Virgin Voyages takes delivery of its first ship

Written by Nick Blenkey
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Scarlet Lady is npw headed direct to Miami

Sir Richard Branson’s Virgin Voyages has taken delivery of its first cruise ship from Fincantieri’s Genoa Sestri Ponente shipyard in Italy.

The ship, the Scarlet Lady, is the first in a series of four 278 meter, 110,000 gt vessels on order for the new cruise line at Fincantieri and has over 1,440 guest cabins giving it a passenger capacity of 2,770 passengers. The ship has a 1,100 member crew.

Virgin Voyages second ship, Valiant Lady, currently under construction in the same shipyard, will be delivered in 2021, while the third and the fourth units, still unnamed, will set sail respectively in 2022 and 2023.


In addition to designing its ships to meet the latest energy efficiency standards, Virgin Voyages is offsetting its direct climate change emissions through the purchase of carbon offsets, making the cruise line the first to become carbon-neutral for its direct emissions footprint from its first day of commercial operation. It says that the projects that will be supported by Scarlet Lady will meet internationally-recognized verification standards, including The Gold Standard and the Verified Carbon Standard.

“It’s wonderful to welcome Scarlet Lady today,” says Virgin Group Founder Sir Richard Branson. “I’m so proud that as we start this exciting journey, we also bring to life Virgin Voyages’ commitment to preserving the ocean and the first of many steps towards a net zero carbon future.”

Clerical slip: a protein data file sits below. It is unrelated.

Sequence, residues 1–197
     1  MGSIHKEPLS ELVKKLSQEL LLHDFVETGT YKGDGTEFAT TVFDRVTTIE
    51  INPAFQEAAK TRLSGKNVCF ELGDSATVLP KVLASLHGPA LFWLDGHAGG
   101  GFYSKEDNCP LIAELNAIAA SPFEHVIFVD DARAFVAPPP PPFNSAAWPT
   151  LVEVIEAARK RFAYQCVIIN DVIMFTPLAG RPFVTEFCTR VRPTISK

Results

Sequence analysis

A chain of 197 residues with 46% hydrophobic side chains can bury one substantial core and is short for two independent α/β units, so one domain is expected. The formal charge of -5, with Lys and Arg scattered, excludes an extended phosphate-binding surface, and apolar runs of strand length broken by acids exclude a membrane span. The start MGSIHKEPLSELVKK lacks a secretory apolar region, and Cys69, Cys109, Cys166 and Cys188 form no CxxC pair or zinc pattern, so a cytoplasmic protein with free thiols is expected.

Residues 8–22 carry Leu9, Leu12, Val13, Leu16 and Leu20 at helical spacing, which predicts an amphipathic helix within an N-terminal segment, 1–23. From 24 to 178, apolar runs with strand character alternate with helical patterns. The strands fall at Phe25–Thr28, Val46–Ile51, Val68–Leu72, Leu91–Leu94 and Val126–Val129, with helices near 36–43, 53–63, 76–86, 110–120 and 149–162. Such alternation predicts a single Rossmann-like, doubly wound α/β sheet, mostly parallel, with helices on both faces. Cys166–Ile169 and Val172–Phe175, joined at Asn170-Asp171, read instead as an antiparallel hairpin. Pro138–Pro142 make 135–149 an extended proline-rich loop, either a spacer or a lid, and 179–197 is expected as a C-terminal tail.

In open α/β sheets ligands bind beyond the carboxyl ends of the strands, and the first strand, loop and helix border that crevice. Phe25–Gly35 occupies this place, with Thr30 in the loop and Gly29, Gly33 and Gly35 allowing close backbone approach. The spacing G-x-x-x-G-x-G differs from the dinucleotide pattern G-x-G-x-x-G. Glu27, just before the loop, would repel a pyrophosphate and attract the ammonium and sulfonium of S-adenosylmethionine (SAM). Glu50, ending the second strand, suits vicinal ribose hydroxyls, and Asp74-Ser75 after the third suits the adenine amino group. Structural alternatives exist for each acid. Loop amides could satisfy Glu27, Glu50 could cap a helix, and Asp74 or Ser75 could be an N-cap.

The brand has recognized that climate change is an urgent, global issue for every industry and business. Like others, Virgin Voyages’ long-term ambition is a net-zero carbon future.

“The ocean is our home, and we are on a mission to protect it. The single-biggest threat facing our ocean is climate change, and we want to be part of the solution,” said Tom McAplin, CEO and President of Virgin Voyages. “We are committed to pioneering new technologies onboard, and working with our industry peers to advance research and development for zero-carbon fuels.”

Virgin Voyages is one of first cruise lines to use Climeon, a technology that utilizes heat generated from the ship’s engines to generate electricity, thereby decreasing the demand for fuel.

While the industry continues to improve on the journey for readily available and commercially-viable solutions, the cruise line says that purchasing high-quality carbon offsets allows it to take immediate action, while also supporting a long-term strategy that secures a net-zero future for the cruise industry.

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